Still in her suit, she flopped down on the bed on her stomach, resting her head on a soft, fat bed pillow. How could they expect her to be in good spirits during this trip, when they knew as well as she did what was awaiting her in New York? That stupid debut! An endless round of parties and dinners, in the company of shallow girls and arrogant, impeccably dressed young men who would scrutinize each of the debutantes as if they were examining a new gold wristwatch. Some of the young women would be promptly dismissed as being too plain, others because their parents weren’t important enough. Her mother would see to it that Elizabeth wore a different dress and hairdo every night. She would have to endure banal conversation, bland food, and boring company. She had no interest in any of it. But her mother was adamant, and her father, usually so supportive, had so far refused to take a stand on Elizabeth’s behalf.
The debut was bad enough. What was worse was, sometime shortly after the “season” ended, she was expected to marry Alan Reed, a wealthy banker ten years her senior. Alan was a decent sort, even if his hairline was receding and his waistcoats getting a bit tight around the middle. Though he was just twenty-seven years old, he seemed much older. He didn’t like to dance, he thought traveling was a waste of money, and in spite of having gone to the best private schools, his conversation was limited to two topics: dogs and banking. During the long hours she had spent with Alan, he had mentioned an endless amount of times that the bank his father owned was growing by leaps and bounds. He had also said, without much conviction, that he was glad he had studied banking as his father wanted him to rather than pursuing a career in veterinary medicine as he’d once thought he wanted.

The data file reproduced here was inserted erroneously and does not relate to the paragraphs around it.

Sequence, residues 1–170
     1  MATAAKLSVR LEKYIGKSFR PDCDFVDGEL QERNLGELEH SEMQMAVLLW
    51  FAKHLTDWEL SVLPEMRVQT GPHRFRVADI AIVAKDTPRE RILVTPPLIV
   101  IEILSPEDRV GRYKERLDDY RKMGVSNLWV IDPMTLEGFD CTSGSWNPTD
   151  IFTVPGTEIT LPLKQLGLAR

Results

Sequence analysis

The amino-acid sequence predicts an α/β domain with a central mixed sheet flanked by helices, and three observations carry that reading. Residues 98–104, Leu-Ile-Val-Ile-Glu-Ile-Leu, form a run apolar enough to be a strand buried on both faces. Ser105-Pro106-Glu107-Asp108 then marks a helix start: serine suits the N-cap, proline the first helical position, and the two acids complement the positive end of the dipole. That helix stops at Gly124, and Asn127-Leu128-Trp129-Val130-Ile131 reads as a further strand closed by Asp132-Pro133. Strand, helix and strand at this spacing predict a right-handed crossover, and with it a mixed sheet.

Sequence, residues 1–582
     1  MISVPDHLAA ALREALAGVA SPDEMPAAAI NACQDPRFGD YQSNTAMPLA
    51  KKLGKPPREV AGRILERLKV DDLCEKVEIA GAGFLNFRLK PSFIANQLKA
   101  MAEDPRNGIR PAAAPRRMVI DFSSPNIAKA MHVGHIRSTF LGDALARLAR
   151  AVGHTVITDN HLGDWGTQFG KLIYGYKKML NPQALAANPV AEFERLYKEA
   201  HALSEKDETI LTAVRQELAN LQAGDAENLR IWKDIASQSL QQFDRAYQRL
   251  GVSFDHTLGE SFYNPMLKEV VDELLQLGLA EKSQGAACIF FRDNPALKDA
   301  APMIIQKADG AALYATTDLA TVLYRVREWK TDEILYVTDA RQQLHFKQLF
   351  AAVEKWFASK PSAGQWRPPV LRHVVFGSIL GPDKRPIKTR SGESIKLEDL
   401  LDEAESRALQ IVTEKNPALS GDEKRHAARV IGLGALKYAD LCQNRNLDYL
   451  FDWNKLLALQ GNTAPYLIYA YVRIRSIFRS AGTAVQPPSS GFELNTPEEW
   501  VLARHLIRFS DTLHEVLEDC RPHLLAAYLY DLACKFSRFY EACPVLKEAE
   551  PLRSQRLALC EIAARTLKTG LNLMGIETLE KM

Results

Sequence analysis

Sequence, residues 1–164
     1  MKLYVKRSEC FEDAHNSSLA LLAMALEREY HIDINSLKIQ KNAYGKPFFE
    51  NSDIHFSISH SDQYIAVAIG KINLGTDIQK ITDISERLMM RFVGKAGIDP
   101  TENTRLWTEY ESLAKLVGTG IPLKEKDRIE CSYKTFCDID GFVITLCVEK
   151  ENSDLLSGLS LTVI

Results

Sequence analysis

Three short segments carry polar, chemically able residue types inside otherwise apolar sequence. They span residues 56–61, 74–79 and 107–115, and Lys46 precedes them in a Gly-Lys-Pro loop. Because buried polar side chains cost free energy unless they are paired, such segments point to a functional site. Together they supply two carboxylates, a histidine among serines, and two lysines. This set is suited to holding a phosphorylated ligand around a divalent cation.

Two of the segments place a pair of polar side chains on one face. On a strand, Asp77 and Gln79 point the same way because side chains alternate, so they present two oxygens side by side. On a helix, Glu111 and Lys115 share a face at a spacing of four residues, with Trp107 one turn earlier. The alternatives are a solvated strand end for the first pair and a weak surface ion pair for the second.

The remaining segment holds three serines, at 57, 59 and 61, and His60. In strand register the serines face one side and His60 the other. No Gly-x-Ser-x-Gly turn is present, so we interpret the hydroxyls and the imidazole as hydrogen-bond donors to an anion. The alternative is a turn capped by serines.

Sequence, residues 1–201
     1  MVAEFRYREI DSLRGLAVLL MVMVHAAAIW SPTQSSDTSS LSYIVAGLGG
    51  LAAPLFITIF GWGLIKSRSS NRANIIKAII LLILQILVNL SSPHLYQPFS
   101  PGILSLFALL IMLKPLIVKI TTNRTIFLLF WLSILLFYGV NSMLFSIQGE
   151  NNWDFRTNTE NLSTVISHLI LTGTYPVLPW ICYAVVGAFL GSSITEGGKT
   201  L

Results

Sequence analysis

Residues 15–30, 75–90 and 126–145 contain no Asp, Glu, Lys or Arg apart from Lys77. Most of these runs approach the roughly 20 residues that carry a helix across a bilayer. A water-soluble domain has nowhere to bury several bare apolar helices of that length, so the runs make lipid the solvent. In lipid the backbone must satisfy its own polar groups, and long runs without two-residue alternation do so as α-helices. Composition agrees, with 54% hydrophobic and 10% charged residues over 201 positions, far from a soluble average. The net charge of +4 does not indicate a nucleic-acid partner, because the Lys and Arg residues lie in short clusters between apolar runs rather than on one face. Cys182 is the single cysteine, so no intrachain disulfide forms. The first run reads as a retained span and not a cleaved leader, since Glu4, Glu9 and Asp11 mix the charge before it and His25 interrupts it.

Elizabeth was sure that was a lie. There was no enthusiasm in his voice when he discussed banking, none at all.
Alan was not a horrid person, but he was missing a spine.
“If you make me marry him,” she had told her parents, “I’ll kill myself!” Then, “On second thought, I won’t have to. I’ll die of boredom within six months.”
“Alan will take good care of you,” her mother had argued.
“I can take care of myself.”
“Nonsense! You’ve never taken care of yourself.”
Which, Elizabeth had to admit reluctantly, if only to herself, was true enough. But she could learn, couldn’t she? She wanted to stand on her own two feet. Not that she knew any other girls her age who did. Most of her friends would be engaged halfway through the social season, and would marry in June. “Suitable” matches, of course. Their parents always had a heavy hand in making sure all the money they spent on gowns and dinners and parties bore fruit. Pity the poor girl who came to the end of the season without a beau in tow. The only avenue left at that point was a prompt dispatch to Europe, where she might get lucky and capture a member of royalty, no matter how undistinguished the title.